Any Sense Raising OC-1 Seat to Accomodate Long Legs?

Having a large and weirdly-proportioned body, I never expect anything to fit out-of-the-box unless built custom, and the used OC-1 sailing canoe I just took delivery on did not disappoint in that respect.

I moved the pedals forward about 1.5" and the seat back an inch - and that made things tolerable.

But now it has dawned on me that maybe elevating the seat might help too.

Putting a 1" pad under the seat seems to have raised my hips relative to the knees as expected and, as soon as the water around here is no longer hard, I expect to find out if it's good for anything.

The Questions:
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[]Is raising the seat a recognized strategy for mitigating a too-short cockpit?
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]Is there a commonly-accepted "Best" knee angle and/or knee height relative to hip height?.... I have seen 135 degrees cited, but then there are the Hawaiian-style canoes where all that seems to go out the window with the high seating and all that...
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FWIW, here's the beast just bought:
http://forum.woodenboat.com/showthread.php?233375-Cutting-Hole-in-Fiberg...

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Submitted by PeteCress on Mon, 01/15/2018 - 11:17am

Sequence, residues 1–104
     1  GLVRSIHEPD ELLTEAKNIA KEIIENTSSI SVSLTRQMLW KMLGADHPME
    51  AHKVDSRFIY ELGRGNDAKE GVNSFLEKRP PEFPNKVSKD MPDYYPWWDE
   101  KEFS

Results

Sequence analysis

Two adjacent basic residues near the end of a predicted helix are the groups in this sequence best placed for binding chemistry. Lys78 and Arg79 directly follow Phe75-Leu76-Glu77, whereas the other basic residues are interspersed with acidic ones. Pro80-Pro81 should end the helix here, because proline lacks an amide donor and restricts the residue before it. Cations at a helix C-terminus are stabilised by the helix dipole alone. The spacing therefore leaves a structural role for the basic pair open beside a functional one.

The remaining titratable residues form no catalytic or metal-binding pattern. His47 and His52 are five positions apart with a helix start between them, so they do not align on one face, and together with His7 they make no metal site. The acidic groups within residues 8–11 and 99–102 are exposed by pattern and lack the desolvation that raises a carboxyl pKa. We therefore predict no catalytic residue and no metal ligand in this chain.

Pete,

I actually did this on a Storm OC1 at the end of the 2015 season (winter in CT).

It worked for me - 6'4" and 240lbs so was looking for anything to help me out (other than losing 20lbs that would be most logical!). I was definitely quicker over longer distances and also sprinting to get on waves here - seemed to allow more drive into the heel and i think that, for a taller guy, having the knee CLOSE to being below the ass, helped. I reckon that doing distance paddling, and your pics indicate you are, it's worth a shot - but do something temporary just to get a feel for it.

I've owned many OC1's (Scorpius, Storm, Antares here in US - and paddled most others) so have a rough idea of how it all works. At least for an English......

Happy to share other thoughts on it if you need.

Best wishes

Ted


#1 Tue, 01/16/2018 - 5:43pm


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